A KHDC3L mutation resulting in recurrent hydatidiform mole causes genome-wide DNA methylation loss in oocytes and persistent imprinting defects post-fertilisation

Hannah Demond, Zahra Anvar, Bahia Namavar Jahromi, Angela Sparago, Ankit Verma, Maryam Davari, Luciano Calzari, Silvia Russo, Mojgan Akbarzadeh Jahromi, David Monk, Simon Andrews, Andrea Riccio, Gavin Kelsey

Research output: Contribution to journalArticlepeer-review

42 Citations (Scopus)


Background: Maternal effect mutations in the components of the subcortical maternal complex (SCMC) of the human oocyte can cause early embryonic failure, gestational abnormalities and recurrent pregnancy loss. Enigmatically, they are also associated with DNA methylation abnormalities at imprinted genes in conceptuses: in the devastating gestational abnormality biparental complete hydatidiform mole (BiCHM) or in multi-locus imprinting disease (MLID). However, the developmental timing, genomic extent and mechanistic basis of these imprinting defects are unknown. The rarity of these disorders and the possibility that methylation defects originate in oocytes have made these questions very challenging to address. Methods: Single-cell bisulphite sequencing (scBS-seq) was used to assess methylation in oocytes from a patient with BiCHM identified to be homozygous for an inactivating mutation in the human SCMC component KHDC3L. Genome-wide methylation analysis of a preimplantation embryo and molar tissue from the same patient was also performed. Results: High-coverage scBS-seq libraries were obtained from five KHDC3L c.1A>G oocytes, which revealed a genome-wide deficit of DNA methylation compared with normal human oocytes. Importantly, germline differentially methylated regions (gDMRs) of imprinted genes were affected similarly to other sequence features that normally become methylated in oocytes, indicating no selectivity towards imprinted genes. A range of methylation losses was observed across genomic features, including gDMRs, indicating variable sensitivity to defects in the SCMC. Genome-wide analysis of a pre-implantation embryo and molar tissue from the same patient showed that following fertilisation methylation defects at imprinted genes persist, while most non-imprinted regions of the genome recover near-normal methylation post-implantation. Conclusions: We show for the first time that the integrity of the SCMC is essential for de novo methylation in the female germline. These findings have important implications for understanding the role of the SCMC in DNA methylation and for the origin of imprinting defects, for counselling affected families, and will help inform future therapeutic approaches.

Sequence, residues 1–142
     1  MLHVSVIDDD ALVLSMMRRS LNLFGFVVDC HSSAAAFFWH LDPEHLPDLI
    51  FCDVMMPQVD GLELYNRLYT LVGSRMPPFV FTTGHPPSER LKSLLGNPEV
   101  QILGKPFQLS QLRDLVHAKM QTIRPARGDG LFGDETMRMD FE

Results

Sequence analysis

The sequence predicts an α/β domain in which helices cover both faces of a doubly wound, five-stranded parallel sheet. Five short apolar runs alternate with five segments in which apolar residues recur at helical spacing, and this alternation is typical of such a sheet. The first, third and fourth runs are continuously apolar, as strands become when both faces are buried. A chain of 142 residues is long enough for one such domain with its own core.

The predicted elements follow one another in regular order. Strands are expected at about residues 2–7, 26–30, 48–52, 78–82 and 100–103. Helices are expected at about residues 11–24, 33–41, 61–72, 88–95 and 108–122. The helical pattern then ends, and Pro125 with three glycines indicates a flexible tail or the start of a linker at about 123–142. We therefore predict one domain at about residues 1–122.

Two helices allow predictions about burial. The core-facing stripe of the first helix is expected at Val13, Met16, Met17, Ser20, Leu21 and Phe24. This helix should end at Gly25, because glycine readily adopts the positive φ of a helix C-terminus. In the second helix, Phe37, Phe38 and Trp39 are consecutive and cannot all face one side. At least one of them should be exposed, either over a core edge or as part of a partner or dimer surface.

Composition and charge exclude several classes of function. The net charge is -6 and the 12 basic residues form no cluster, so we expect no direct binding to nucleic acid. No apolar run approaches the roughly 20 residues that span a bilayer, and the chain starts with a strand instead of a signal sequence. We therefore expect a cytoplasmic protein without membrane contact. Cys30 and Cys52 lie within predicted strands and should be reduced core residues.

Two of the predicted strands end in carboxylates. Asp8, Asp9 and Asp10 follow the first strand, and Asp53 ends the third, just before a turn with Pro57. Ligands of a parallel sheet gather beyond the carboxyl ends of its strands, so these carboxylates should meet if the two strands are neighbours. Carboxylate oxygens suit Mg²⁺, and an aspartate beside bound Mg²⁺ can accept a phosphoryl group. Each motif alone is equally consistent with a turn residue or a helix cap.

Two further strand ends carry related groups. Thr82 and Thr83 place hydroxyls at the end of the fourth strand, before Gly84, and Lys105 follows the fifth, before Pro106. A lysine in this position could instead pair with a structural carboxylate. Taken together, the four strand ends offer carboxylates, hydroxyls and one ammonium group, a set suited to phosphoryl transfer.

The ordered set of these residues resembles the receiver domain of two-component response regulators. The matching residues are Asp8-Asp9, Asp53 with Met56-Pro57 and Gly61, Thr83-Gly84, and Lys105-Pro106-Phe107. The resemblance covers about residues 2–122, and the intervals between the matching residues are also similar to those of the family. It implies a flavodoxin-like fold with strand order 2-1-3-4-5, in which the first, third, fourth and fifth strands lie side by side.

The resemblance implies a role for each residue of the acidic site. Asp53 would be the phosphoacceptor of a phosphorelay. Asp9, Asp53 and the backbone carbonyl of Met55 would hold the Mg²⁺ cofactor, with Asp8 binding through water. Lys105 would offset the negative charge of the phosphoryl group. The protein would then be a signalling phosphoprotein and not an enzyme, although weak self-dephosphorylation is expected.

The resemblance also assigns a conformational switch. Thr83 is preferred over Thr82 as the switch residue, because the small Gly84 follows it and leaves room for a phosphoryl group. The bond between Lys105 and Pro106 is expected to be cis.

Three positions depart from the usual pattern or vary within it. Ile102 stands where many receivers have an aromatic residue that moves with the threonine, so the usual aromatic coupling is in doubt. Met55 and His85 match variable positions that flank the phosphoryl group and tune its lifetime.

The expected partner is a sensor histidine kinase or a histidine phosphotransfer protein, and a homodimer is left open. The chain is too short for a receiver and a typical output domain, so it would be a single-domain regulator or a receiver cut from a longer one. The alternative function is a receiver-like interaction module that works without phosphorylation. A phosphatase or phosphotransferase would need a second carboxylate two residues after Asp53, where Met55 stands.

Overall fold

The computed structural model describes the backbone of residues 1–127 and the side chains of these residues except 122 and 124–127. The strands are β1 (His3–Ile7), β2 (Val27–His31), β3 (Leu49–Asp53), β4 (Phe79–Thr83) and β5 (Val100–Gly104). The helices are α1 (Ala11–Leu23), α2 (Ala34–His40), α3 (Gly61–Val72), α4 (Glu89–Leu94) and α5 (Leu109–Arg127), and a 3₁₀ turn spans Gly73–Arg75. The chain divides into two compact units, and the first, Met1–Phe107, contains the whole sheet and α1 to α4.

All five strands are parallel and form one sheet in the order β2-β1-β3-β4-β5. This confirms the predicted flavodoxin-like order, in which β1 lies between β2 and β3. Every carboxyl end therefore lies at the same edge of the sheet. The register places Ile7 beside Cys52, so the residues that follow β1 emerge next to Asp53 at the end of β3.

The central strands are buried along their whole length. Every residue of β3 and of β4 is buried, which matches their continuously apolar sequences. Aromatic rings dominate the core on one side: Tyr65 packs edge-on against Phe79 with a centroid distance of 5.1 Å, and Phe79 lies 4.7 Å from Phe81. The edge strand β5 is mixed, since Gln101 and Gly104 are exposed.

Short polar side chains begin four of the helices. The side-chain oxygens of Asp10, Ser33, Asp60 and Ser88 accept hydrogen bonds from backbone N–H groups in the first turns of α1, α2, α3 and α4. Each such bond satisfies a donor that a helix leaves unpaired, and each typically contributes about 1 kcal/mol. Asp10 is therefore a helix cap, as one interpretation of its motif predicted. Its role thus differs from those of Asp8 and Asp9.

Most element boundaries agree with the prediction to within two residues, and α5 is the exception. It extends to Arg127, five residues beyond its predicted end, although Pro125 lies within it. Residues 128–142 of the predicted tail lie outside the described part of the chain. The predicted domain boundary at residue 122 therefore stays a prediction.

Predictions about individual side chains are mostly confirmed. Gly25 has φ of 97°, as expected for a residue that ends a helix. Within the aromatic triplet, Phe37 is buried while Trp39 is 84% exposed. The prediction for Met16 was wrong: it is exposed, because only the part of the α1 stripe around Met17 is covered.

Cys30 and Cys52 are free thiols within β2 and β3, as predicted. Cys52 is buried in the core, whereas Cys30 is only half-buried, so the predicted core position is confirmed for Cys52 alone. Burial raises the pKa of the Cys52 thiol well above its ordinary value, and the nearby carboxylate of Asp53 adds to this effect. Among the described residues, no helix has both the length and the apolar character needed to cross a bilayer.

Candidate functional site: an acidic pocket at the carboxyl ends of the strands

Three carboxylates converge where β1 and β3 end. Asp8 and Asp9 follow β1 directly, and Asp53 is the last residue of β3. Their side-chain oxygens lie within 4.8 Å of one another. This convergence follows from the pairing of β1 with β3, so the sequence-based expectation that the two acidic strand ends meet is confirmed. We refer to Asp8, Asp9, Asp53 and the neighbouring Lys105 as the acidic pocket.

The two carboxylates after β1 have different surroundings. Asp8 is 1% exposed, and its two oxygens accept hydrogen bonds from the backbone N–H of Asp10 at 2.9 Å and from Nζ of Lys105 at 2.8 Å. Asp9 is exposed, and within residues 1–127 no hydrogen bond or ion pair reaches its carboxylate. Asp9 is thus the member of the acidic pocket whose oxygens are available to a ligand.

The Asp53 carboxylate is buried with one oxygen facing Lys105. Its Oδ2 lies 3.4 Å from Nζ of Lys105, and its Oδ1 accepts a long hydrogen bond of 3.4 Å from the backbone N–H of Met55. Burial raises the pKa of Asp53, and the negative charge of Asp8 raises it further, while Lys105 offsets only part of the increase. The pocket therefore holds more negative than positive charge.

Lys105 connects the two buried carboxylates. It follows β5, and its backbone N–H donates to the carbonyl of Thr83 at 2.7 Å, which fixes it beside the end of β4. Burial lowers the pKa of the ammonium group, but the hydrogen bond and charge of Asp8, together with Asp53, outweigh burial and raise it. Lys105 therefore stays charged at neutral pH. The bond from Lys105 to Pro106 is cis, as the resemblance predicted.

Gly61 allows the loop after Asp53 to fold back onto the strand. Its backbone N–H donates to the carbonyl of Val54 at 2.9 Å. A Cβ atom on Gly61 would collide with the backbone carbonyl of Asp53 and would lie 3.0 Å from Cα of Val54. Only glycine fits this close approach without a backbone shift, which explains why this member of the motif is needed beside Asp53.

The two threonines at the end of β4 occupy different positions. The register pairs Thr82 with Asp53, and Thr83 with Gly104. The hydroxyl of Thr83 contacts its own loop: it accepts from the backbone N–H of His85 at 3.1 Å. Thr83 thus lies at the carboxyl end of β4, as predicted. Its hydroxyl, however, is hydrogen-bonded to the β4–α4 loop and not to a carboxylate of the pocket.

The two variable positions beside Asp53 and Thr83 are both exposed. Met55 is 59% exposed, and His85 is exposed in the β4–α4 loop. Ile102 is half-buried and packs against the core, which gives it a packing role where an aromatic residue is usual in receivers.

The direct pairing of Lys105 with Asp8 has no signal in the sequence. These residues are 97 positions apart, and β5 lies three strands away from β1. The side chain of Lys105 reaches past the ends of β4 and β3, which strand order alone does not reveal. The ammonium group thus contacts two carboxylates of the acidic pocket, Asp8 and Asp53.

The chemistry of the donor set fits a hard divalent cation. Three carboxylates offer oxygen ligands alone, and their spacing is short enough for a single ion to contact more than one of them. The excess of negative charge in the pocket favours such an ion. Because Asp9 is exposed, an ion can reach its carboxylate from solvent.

Original languageEnglish
Article number84
JournalGenome Medicine
Issue number1
Publication statusPublished - 17 Dec 2019


  • DNA methylation
  • Embryos
  • Epigenetics
  • Genomic imprinting
  • Oocytes
  • Single-cell analysis

Cite this